Exotic Pet Vet
What Dr. C says …. on Hand Feeding Joeys
By Dr. C., of course!
A frequent question fielded at Suncoast Sugar Gliders is “are the babies hand fed?” As this relates a great deal to the gliders’ ultimate health, Lisa & Debbie have asked that I address the question directly.
Our babies are not “pulled” early to be hand raised. They stay with the parents until being weaned and do not leave the Suncoast facility until they are 8 weeks out of pouch, and only after we are certain that they are eating well on their own.
Pulling babies before weaning can cause a number of problems, the first challenge being the hand raising itself. The young sugar glider is unable to regulate its own body temperature and must be kept warm or they will quickly chill and become hypothermic. However, if the baby is kept too warm, dehydration can occur.
Feeding needs to occur approximately every two to three hours around the clock depending on the age and body weight of the joey when taken from the female. The formula needs to be made fresh each feeding to prevent bacterial growth. The young often do not want to suckle as the top of a syringe is not “Mom”, so care must be taken not to aspirate the baby (i.e., force too much formula into its mouth causing it to choke or get formula in its lungs).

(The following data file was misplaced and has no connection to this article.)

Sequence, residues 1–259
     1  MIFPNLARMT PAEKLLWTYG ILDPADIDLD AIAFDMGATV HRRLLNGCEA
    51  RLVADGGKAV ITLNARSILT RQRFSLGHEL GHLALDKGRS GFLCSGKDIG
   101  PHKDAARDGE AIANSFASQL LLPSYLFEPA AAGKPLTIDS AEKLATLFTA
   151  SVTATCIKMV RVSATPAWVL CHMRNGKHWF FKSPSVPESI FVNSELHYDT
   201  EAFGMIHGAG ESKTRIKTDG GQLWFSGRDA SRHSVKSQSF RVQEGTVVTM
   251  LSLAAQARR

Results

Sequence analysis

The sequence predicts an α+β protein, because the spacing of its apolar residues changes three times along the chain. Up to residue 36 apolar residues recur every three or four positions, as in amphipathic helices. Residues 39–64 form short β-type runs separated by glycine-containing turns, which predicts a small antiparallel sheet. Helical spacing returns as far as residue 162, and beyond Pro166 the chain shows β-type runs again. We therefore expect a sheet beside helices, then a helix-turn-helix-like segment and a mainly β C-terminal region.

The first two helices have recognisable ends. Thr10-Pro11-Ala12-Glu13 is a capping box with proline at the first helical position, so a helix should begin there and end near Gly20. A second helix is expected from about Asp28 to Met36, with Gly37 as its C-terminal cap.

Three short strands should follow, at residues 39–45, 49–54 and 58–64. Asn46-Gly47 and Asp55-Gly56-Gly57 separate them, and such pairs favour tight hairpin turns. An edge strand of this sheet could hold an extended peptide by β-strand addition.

The formula itself is problematic because artificial formulas can never match the nutritional value of mother’s milk, even with a good commercial formula like Arnold’s Choice Possum Milk Replacer.
Due to the above problems, hand feeding is difficult even for the experts. At Suncoast, when we have been forced to hand feed babies due to illness in the mother or rejection by the mother, the success rate is only around 50%. Even under the best of circumstances hand fed joeys (we are only talking about those pulled before weaning) tend to be undersized, need vitamin supplementation and often seem to be less hardy, perhaps due to a weakened immune system.